Well, I think that until 3D printing is really here for the masses, the postal service serves a function that you can't get in any other country in the world. They get you stuff quickly and cheaply. They're competing on the package side with FedEx and UPS, but no one does what they do, as well, in terms of flat mail. They're not a government company; they've been operating on their own and just off the price of postage for some time.
Representing those fine fellows for some time, I've decided that it's better to speak kindly of them because they're pissed off. I run into mail carriers all the time and I try to embrace them as opposed to having anything bad happen to me [laughs], so I'm all for the postal service and "Yay, Saturday delivery." And why not deliver at two in the morning, so you can wake up and it's like, "Yay, the mail's here."
Are you a big mailer?
No. Unfortunately I don't because I think what we do these days is that we take a photograph and turn it into a postcard. I must say that getting birthday cards online that virtually open and balloons come out of them -- it blows. The reality is that when I was a kid, getting stuff in the mail was one of the greatest things imaginable.
But once you become a celebrity, or a pseudo-celebrity or a tertiary celebrity, or whatever the hell I am, you have to be careful of mail coming to your home, because people track where you live through the mail directory. I once got mail from someone who said that she wanted to cook me a turkey dinner but her father was in the way and that was something that would soon be rectified. That was stalker stuff. So I've kind of gotten off the mail world, like going to a postal box and then they send it to me at the end of the week and it's whittled down to statements of your investments, business mail, or the occasional equity newsletter -- but no real fun mail. But I'm actually one of those people that really likes junk mail. I like Sharper Image catalogs, all of that crap. I'm not big on coupons but the rest of it is great.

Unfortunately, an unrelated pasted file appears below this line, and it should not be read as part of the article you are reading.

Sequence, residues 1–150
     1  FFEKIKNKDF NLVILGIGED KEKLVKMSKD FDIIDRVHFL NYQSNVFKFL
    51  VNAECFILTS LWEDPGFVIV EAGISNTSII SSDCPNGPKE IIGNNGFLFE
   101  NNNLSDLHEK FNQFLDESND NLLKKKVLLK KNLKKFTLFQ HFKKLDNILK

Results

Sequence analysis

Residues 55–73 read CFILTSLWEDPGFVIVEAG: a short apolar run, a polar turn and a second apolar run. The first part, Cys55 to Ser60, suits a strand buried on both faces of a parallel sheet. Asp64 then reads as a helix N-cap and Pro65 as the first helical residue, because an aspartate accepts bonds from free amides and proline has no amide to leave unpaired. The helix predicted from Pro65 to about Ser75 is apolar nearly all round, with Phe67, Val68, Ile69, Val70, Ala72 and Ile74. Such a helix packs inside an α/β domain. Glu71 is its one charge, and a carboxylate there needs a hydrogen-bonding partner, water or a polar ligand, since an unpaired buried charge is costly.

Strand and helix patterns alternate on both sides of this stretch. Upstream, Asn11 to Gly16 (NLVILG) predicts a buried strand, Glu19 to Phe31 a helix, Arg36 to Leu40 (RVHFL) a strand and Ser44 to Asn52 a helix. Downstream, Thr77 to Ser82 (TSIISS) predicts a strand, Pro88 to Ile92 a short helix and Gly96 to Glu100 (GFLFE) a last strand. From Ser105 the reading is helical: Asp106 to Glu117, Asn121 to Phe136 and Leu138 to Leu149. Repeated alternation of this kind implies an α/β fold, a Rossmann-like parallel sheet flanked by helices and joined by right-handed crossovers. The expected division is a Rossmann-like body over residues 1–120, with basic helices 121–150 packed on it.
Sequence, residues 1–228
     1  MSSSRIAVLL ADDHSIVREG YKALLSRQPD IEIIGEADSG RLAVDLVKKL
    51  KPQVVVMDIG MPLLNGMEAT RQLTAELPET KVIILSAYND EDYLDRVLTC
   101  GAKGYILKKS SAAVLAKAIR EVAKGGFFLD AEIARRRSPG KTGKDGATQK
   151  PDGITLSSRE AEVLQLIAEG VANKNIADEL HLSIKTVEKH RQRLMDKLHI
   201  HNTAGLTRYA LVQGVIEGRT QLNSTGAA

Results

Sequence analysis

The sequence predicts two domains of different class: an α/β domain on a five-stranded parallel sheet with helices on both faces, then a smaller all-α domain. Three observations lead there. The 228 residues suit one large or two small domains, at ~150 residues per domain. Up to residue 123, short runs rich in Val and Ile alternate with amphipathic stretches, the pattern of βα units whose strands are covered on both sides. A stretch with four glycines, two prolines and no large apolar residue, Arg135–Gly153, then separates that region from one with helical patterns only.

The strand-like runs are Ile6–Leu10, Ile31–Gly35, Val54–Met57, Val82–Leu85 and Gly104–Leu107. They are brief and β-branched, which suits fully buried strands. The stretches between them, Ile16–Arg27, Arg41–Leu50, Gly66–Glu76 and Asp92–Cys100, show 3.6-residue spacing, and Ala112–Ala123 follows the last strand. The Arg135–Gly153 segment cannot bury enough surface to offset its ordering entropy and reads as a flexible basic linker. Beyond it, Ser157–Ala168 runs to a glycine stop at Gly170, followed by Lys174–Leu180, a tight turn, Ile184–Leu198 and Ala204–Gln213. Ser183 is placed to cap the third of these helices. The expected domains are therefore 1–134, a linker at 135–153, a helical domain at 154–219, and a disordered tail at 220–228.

You had worked as an investigator early in your career and played one in "Basic Instinct." Are you the kind of person that could easily get dirt on people, using your iPhone?
Yeah, I worked for five years in New York as a private investigator -- as a survival job [laughs]. Well, we had somebody that was supposed to come to our home and teach our son an activity and they didn't give us any information about the person and wanted us to book with them before they gave us information. I had his name and with that tried to find out if he had a Facebook or Twitter profile, and found some photos that he presented and some information and was pretty much able to get a background on him very quickly.
In the modern era, we give up so much information, voluntarily, so we don't have to dig very deeply. But now with GPS and apps like Find My Friends -- there are so many different apps that help you locate people, who most of the time have their location services on, on their phones, because they want to use it to be sold crap by corporations [laughs]. So then you can find out a lot of things about people.
When I was researching you, I found out that you had an angina scare, on the set of "Seinfeld," back in the day, which led to your dramatic weight loss. Out of curiosity, have you ever used any apps to keep your health in check?
I have some friends who've found them very helpful, but I haven't done that much. It's an ongoing struggle in terms of weight, but one of the things that's always worked is a food diary or an activity diary -- and apps are perfect for that. You can also get a pedometer app that tells you how much you're walking...and I understand the theory behind it, but I'm just an old fat man. I have a hard time. Anyway, I already do so much on my phone, so if I'm looking at my phone more, for even that, it's too much.
Looking forward, will "The Exes" be returning for another season?
The good news is that even with the juggernaut that is "Duck Dynasty," which is opposite us, last week, we had our best ratings of the season. We will be coming back in October to shoot 10 more episodes and we'll have new shows in December.
Check out a sneak peek of "The Exes"' finale: